When some writers begin to craft a speech, a statement on behalf of an organization, or a quote from an executive for a news release, they must suddenly forget they're writing for real people. Because real people don't speak in the stilted, awkward style these writers often use.
Stilted means something that is unnaturally formal, such as writing that doesn't flow smoothly. Worse than awkward, this unnaturally formal "speech" can make the individual or organization sound arrogant or unapproachable.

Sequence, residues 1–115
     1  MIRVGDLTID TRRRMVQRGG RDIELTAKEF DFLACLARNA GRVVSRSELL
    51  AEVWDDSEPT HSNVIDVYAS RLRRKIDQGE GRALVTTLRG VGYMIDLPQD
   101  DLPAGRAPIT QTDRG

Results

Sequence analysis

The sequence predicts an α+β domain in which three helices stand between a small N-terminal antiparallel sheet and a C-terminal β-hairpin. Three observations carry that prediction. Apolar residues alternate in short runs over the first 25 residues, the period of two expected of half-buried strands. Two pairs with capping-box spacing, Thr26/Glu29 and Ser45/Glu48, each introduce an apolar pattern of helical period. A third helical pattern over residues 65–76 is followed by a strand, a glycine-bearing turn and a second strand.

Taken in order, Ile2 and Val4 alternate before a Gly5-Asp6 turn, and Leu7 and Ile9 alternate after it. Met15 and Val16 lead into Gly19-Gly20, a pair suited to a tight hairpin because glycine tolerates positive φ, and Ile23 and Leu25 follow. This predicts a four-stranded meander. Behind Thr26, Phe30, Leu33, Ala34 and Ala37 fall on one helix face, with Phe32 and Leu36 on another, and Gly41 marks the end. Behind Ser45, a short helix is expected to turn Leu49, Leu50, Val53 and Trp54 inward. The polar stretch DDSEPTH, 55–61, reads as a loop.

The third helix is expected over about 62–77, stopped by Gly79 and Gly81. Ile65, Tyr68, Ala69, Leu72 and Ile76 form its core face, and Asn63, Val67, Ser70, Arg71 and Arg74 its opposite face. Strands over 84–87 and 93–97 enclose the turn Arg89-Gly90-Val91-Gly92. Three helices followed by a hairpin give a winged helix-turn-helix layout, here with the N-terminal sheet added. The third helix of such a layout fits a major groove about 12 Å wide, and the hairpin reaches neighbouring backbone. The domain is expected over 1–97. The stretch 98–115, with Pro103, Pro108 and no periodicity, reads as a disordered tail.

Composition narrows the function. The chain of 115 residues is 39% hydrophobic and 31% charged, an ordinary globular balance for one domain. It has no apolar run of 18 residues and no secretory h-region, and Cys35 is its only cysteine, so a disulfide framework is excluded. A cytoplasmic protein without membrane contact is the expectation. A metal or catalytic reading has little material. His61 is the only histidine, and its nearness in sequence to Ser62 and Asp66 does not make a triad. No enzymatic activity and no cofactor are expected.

A good writer has to keep in mind the importance of creating readable material that clearly communicates a message; so that means cutting out the industry jargon and acronyms, too.
Here are a few tips for better writing, particularly when you have to put words in the mouth of another:
At Lovell Communications, I have the opportunity to work with great writers on the agency and client sides of the business. So, friends and colleagues, what tips can you share for great writing? We'd love to hear them!
Is your organization ready to “have the talk” and demonstrate sound stewardship of taxpayer funds? Consider these strategies to help prepare and lead this i...